Maxxis MTB Tire Sidewalls Explained | EXO vs EXO+ vs DD vs DH

EXO vs EXO+ vs Double Down vs Downhill Casings

    When shopping for mountain bike tires, you will see there’s different options for both the tire’s sidewall, and the rubber compound. With so many different configurations, matching your personal preferences and riding style to the right configuration can be confusing. In another blog, we will be covering compounds, but in this blog...

We’re going to be talking about the different options for the tire sidewall.

    Over the years, there’s been a bunch of options from Maxxis, but in this day and age for the tire models for trail through downhill riding, the sidewall options are EXO, EXO+, Double Down and DH. These different options will give you more or less stiffness and support, and more or less puncture resistance. Basically, these different options just refer to how tough and burly the tire is, and the different designs change the weight and riding characteristics of each tire.

    Now before we begin comparing tires, we wanted to briefly touch on the acronym TPI, which is threads per inch.

    There’s 60 TPI or 120 TPI and it just refers to how many threads there are in each square inch of the rubber in the tire’s casing. We could talk about TPI on a video call with a tire engineer for 30 minutes, but in the end that number doesn’t really matter much since the TPI changes in each model of sidewall, so let’s basically just pretend it isn’t there as it will only worsen your analysis paralysis in deciding between so many configurations and just focus on the sidewall model name.

60 tpi vs 120 tpi photo descriptions maxxis sidewall comparison

Ok, let’s get into it!

Overview of Each Maxxis Casing

    There are four different sidewall casings to choose from. EXO is the lightest casing, then there is the more puncture resistant EXO+, then the burlier Double Down, and finally the heaviest, burliest DH casing.

    So basically EXO is the lightest, DH is the burliest, and the others fall in between.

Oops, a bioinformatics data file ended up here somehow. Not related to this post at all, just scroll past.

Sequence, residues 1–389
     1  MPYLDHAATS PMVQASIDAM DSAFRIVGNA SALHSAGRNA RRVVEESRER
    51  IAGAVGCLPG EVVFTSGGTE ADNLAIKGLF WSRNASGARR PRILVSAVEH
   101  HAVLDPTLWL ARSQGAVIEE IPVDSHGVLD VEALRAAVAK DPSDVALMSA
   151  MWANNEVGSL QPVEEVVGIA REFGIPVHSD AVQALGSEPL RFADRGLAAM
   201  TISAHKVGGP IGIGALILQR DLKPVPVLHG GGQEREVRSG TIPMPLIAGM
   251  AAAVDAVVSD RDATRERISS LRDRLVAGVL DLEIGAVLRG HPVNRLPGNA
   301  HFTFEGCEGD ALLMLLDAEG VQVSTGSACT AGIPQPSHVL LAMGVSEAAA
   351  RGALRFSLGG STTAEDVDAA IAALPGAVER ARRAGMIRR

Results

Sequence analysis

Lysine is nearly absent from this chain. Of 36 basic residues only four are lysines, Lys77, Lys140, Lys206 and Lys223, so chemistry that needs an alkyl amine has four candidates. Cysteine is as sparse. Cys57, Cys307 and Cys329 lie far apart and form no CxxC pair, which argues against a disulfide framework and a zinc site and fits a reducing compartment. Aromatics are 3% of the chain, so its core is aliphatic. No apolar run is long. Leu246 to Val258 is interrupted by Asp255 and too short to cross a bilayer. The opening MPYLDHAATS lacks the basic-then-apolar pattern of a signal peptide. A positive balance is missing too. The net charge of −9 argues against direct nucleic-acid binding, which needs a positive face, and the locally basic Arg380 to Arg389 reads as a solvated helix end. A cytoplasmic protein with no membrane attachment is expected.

When you feel these tires in your hand, you can totally feel how thick the sidewalls are. You can easily flex and maneuver the EXO tire by hand, and each tire gets gradually more stiff and harder to flex as you work your way to the DH tire, which is very noticeably harder to flex than EXO.

      Before we chit chat about how these ride, let’s go over the descriptions from Maxxis for each sidewall.

"EXO is an extremely cut-resistant and abrasion-resistant material added to the sidewalls. This densely woven fabric is also lightweight and highly flexible, ensuring that the performance of the tire remains unaffected. Choose EXO Protection for exceptionally rocky, treacherous trails where the chance of sidewall cuts and abrasions is high."

Maxxis EXO Sidewall Protection photo
Maxxis EXO+ Sidewall Protection photo

"EXO+ combines two of our best puncture protection materials: SilkShield and EXO. The SilkShield layer runs from bead-to-bead with a layer of EXO along the sidewalls. Combined, these two materials create EXO+ which improves tread puncture protection by 27%; sidewall durability by 51%; and resistance to pinch flats by 28%."

"DoubleDown (DD) is the next step in the evolution of the dual-ply tyre casing for enduro and downhill racing. Two 120 TPI casing layers reinforced with a butyl insert provide the rider with the support and protection of a MTB tyre, but in a lighter package."

Maxxis Double Down Sidewall Protection photo
Maxxis DH Sidewall Protection photo

"Downhill (DH) utilizes two layers of 60 TPI casing material used from bead-to-bead, providing additional protection and sidewall stiffness for the most demanding enduro and downhill applications."

A Note On Maxxis Sidewall Weights

    Before talking about how they ride, let’s talk weight. We’ll use the 29" by 2.5" Maxxis Assegai for comparison, since that is one of our best selling tires.

     EXO = 1,075 g
    EXO+ = 1,125 g
     DD = 1,305 g
     DH = 1,334 g

    EXO and EXO+ are super close in weight, then there’s a big jump up to the Double Down, which is also super close to the DH.

How Each Sidewall Rides

    On the trail, each model of sidewall rides noticeably different from each other. But, to be totally honest, most riders that come into the shop aren’t even thinking about their sidewalls. Why is this? Likely due to the fact that EXO tires work so well for the average rider. But, If you are reading this article, chances are that you ARE thinking about your sidewalls... So, lets talk sidewalls.